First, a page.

Black Artists That Move Us as a Whole
by Sarah Sunday
There is an immense ability that is within black music created by black artists. It possesses the ability to move us all as a whole. It has the potential to impact us on intimate individual levels, as well as to sway us as a larger societal whole. Black music contours political landscapes, shapes popular opinions, and directs currents of trends.
Music, in general, impacts us greatly; each individual has a completely singular and distinct reaction to every song, album, or artist in which they experience. Notes and tones swing into our ears, rush over our bodies, and pull at our heart strings. The rhythms slam us, lull us, and rock us. The feeling of being irrevocably moved by a piece of music is one of the most innermost, and yet interconnecting sensations one can experience. It tethers us to one another in a way that is akin to the power of electricity or that of the ocean. Black music is a rushing force, beautifully capable of reworking trends and stirring revolutions.
In each generation there are artists who move us all, incurring overcrowded stadiums and amassing the masses. They capture hearts and attention as their fame surpasses age and flows into following generations. These are the artist who alter social moods and impact opinions about what is likable, lovable, or even subject to hate. Identities have been shaped and carved by musicians such as these, and songs alone have had the power to give way to prominent changes in history.
Black artists today are largely representing that widely renowned group of musicians, flooding the musical sphere and saturating media platforms in a wondrous flood. They are changing the music game and, accordingly, changing the world in which we inhabit. Due to massive levels of exposure, representation has given way to a beautiful thing: education. Education and realization of the diverse cultures and lifestyles in the black communities that make up our world and our country. Exposure such as this allows for people of different races to become more in touch with those they might not be familiar with otherwise. It bridges a divide between individuals, setting the table for interconnectivity that surpasses skin color. Voices have been granted to the minorities and created stronger, more confident senses of empowerment. With representation and education comes the celebration and acceptances of differences in race, gender, politics, and sexual orientations.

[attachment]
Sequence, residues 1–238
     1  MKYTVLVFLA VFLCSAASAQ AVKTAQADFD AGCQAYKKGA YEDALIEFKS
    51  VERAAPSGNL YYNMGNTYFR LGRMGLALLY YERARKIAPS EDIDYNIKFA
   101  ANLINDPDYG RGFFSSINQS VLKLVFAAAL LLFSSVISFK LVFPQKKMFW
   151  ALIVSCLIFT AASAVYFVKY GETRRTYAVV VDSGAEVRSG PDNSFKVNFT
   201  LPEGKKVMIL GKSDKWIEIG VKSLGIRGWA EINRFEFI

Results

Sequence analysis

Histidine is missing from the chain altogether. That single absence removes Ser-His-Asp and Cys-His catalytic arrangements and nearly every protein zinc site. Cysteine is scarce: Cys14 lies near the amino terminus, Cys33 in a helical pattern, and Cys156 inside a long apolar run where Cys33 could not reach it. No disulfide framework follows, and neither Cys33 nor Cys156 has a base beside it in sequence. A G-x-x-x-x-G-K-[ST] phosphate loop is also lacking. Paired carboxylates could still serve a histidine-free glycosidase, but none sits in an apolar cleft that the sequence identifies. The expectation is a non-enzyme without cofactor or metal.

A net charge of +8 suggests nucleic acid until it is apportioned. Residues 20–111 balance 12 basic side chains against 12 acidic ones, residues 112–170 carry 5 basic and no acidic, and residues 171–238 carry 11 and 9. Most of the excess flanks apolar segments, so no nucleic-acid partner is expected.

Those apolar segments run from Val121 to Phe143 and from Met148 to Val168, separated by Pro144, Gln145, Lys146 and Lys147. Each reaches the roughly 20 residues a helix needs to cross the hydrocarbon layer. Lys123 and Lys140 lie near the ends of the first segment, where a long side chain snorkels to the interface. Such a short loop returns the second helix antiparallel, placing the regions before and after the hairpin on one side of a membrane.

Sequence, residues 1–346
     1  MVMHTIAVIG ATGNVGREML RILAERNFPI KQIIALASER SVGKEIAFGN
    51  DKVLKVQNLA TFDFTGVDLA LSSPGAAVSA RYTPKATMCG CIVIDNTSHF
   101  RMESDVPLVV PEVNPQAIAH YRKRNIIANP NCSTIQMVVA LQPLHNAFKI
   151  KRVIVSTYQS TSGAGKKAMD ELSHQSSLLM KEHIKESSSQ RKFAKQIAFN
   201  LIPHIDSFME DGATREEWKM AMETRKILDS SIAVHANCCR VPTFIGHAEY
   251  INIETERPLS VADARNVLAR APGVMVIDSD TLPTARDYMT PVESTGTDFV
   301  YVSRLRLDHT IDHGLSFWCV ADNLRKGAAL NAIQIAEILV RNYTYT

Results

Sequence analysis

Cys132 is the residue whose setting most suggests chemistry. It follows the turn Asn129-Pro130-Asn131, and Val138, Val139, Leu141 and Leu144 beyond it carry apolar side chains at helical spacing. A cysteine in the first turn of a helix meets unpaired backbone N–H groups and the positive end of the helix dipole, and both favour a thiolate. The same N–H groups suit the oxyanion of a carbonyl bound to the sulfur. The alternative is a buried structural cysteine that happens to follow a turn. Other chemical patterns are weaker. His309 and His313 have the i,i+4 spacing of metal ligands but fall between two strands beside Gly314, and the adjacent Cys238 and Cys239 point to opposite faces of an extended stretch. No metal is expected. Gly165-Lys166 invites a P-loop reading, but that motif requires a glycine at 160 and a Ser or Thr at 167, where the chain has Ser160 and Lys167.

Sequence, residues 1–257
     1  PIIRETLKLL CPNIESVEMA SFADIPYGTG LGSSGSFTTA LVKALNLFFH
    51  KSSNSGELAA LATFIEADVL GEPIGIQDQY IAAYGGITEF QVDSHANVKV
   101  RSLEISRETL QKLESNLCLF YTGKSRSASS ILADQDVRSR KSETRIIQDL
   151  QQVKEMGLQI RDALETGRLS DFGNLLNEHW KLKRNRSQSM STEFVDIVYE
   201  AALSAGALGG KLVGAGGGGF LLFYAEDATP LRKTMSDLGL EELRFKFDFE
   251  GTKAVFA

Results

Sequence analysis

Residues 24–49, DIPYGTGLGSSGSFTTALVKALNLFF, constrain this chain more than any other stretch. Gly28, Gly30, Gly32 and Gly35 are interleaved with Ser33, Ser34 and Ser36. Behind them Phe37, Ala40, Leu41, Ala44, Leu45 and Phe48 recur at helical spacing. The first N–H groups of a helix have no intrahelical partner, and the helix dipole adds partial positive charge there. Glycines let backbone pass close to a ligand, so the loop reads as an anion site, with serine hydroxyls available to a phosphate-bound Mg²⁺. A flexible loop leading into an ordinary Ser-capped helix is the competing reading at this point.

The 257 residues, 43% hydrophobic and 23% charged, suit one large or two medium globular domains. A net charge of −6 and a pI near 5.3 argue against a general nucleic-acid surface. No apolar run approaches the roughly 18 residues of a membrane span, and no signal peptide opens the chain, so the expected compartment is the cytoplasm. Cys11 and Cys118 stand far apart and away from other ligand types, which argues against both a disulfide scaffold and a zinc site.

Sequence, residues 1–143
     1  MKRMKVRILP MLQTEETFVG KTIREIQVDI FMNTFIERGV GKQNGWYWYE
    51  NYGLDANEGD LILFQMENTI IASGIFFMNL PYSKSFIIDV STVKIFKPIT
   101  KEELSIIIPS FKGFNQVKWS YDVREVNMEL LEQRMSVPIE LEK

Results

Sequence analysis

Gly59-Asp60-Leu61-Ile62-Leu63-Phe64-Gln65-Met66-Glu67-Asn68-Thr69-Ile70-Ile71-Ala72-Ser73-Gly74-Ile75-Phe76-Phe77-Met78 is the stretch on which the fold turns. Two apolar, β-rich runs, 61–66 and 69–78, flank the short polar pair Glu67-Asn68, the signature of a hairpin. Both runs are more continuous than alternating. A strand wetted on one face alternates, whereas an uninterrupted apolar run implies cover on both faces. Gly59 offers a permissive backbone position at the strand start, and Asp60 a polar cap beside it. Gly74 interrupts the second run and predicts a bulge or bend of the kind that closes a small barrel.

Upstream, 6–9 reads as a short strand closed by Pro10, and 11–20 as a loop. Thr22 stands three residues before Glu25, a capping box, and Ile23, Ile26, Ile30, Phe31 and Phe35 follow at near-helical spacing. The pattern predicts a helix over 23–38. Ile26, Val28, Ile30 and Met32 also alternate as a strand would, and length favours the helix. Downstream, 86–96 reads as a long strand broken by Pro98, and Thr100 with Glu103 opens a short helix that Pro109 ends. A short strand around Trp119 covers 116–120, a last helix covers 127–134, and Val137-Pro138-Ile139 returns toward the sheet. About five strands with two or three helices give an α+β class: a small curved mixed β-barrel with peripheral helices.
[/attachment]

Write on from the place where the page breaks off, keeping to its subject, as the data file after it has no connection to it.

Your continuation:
Continuously breaking social barriers, some of the greatest female artists of our time are black women. Nikki Minaj, Cardi B, Rihanna, Alicia Keys, and Beyoncé are just some of many widely recognized names country-wide; each has created their own fame and acquired lengthy lists of accolades. There’s the exaggerated Nikki Minaj with her numerous BET Awards, MTV Video Music Awards, and People’s Choice Awards, among many, many others.
Fearless and unapologetic, Cardi B is the first black solo female rapper to win the Grammy Award for Best Rap Album and continues to top charts like it’s no one’s business. As for Beyoncé, her single-word name is known internationally and holds a degree of power unlike nearly any other artist today. She has become one of the best selling artists of all time and an icon in the eyes of many, influencing the masses by massive magnitudes with her pure talent for performance and her queen-like demeanor. These women, and many others, have empowered females and all genders alike on measures of strength and personal emancipation.
Politically, black artists have, time and time again, spoken out in song about race relations and social inequalities in the United States. Kendrick Lamar’s 2015 “Alright” become an anthem against police brutality and for the black struggle in America, gaining esteem from the Black Lives Matter movement and earning him an invitation by Obama to perform in the White House. Beyoncé’s 2016 “Formation” was a middle-fingers-up against racial discrimination that reverberated some of the aggressions and grievances of the people, mirroring black panthers symbology and fueling the masses with passion and indignation. In 2018, Childish Gambino released his startling and visually captivating songs, “This Is America.” Arguably incomplete without the visual imagery, the music video is layered with Easter eggs, historical indications, and implicit violence. Consequential of social frustrations and resentments, the repetitions of many of these song lyrics have been the vanguard of true social change.
Human beings are multi-faceted and diverse, as are the black artists who make up modern music culture.
From Kanye, to Jay Z, to Travis Scott; from Janelle Monae, to Solange, to Sampha the Great; from Tyler the Creator, to Anderson Paak, to Chance the Rapper; from artists catching their break such as Lil Nas X, Lizzo and Lil TJAY to breakout artist to watch out for such as Cautious Clay, Amyra and Kelsey Lu – each great artist holds a completely unique stance and offers a varying element of being. Every day we are bombarded by outside influences; advertisements, peers, television – and music. Musicians change the way in which we hold ourselves, what we invest in, and how we act, at times by very severe and tangible measures.
Black artists sharing their truths and being recognized by listeners and fans creates an increasingly heightened movement of social knowledge and understanding. Social movement such as this creates a generation of individuals that is more strongly in-tune with one other, and more tolerant of unusual or unfamiliar concepts and beliefs. Black music created by black artists, whether known by smaller circles of people, or by the masses, creates social ripples, playing a part in a movement of greater betterment. Through black music and black artists, trepidations and protests are voiced, color and diversity is celebrated, and a more well-rounded whole of people are thus moved into being.